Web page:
For example, the claim of an “empty tomb” is nothing more than a story, it has nothing to support that there was a tomb or that it was empty. A story isn’t a bad thing but it’s not the truth. Much of ancient history we know because of similar stories, claims of cities, battles, and gods. But what is history and what is myth can be determined by artifacts, contemporary accounts, etc. SS used an old apologist claim that “pretty much all of ancient history can be discounted because, after all, they are just “stories”.” Unfortunately, he and other apologists, fail to realize that those stories that archaeologists have followed have either been proven true, partially true or false. For instance, we had folks following the story of the battle of Troy and have found a site that is generally agreed upon as the site of Troy, the site and artifacts fits the legend fairly well. However, we have not found evidence of the Greek gods’ involvement there or of Cassandra or any of the magical things claimed by the legends. In contrast, your stories about Jesus Christ is a story that has gods and events and real places mentioned, *but* there are no artifacts, no contemporary accounts for what should have been very noticeable things, etc. Both stories have extraordinary claims concerning magic and gods and there is no reason to think that those parts of the stories are true. We have a city of Troy; Christians don’t even have a tomb. That’s what is different between the bible stories and the stories from other sources, be they pagan or not.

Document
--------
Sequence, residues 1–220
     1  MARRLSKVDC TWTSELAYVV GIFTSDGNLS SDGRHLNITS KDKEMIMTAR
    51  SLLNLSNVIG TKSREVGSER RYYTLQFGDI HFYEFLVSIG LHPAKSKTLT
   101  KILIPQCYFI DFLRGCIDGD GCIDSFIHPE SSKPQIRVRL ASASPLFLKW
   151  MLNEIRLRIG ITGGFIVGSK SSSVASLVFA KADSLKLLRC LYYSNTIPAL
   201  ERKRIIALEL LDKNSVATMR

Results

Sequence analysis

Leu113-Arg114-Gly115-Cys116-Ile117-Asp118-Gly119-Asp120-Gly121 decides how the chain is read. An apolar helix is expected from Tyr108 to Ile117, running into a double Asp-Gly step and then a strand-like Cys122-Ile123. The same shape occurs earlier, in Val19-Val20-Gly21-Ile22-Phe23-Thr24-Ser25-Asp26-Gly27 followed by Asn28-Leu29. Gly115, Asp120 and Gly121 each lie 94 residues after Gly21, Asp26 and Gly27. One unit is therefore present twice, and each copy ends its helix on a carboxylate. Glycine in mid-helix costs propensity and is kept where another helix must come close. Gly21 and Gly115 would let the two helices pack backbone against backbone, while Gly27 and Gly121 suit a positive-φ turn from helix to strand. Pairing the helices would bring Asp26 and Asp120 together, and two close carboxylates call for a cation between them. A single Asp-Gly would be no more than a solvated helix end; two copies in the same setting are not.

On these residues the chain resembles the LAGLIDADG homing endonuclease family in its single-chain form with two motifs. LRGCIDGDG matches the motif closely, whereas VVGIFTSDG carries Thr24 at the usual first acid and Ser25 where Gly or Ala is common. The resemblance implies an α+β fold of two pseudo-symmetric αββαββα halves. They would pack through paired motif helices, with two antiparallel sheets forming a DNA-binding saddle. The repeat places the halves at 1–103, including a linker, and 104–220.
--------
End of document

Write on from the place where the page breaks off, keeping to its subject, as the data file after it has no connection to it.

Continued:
Now, for the claims SS and Ben have used about their religion to be true, for example that JC was a man/god and that his body vanished by magic and he came back from the dead, we need a story *and* evidence to support it. We have nothing that does so that cannot be used for other religions. You have offered stories, not the evidence that supports them. A claim that 500 people saw JC is not evidence. I can claim to have 500 people in my backyard. What would be evidence for this claim? Maybe a photo, crushed plants (I have a wee back yard), a police report from my neighbor who doesn’t like me, etc.. We can have a believable “report” if we have that corroborating evidence. A story does not stand on its own. I have no more reason to believe the stories of Indian gods being with people than I have to believe the Christian claim that there was a demigod. I ask Ben and SS: Do you believe that the gods interacted with the ancient Hindus? Or do you think that they are just stories? What would make you believe that such claims are true? For me, it would be again corroborating evidence as I have listed.